They used to hang bodies over the black-water creek;
picked bodies of picked men, their entrails pulled
by the birds in greedy jerks. The dead glass eyes watching
over and out to the waves and the clouds:
or with a twist of wind, or the collapse of a gull tugged neck,
those same dead eyes might turn back, to the landward
from which they came, a week or so before.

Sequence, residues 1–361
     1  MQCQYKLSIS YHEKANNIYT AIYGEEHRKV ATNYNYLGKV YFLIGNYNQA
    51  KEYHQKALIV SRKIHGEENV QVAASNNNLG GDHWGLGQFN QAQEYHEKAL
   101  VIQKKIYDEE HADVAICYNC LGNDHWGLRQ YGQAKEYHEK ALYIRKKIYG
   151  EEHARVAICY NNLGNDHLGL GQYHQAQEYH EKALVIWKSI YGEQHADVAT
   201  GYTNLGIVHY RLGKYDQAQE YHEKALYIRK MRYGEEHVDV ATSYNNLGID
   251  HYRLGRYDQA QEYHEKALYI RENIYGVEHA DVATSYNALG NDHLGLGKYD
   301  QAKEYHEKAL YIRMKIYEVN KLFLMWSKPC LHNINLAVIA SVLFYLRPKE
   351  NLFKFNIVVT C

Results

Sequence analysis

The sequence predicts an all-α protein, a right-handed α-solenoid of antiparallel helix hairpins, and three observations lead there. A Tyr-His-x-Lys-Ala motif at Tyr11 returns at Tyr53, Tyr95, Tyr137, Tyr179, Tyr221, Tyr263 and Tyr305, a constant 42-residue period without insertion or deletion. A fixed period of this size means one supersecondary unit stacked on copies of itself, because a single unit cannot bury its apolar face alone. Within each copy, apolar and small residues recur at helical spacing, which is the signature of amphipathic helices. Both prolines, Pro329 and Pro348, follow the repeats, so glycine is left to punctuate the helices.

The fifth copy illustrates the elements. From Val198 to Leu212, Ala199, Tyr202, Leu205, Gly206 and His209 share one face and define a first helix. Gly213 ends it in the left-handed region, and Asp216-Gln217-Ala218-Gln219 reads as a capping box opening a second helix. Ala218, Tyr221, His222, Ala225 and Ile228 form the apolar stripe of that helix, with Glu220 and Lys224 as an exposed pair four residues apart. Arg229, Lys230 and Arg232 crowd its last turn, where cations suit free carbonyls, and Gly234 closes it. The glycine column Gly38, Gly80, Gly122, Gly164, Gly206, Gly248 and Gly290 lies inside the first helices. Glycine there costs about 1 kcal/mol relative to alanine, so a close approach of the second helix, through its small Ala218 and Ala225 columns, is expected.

We step across to the sand, as through a rent veil
which locks out the sound of the marsh, and the traffic.
These riddled sands, caught between the turning tide
in expanse, hold only ourselves and the wind.
We do not look back, but sometimes down
to the dry, to the empty, to the occasional shell still sealed.
We do not look back, too tempted by the coldness of the sea.
On each ripple dies a star, combed clean as morning.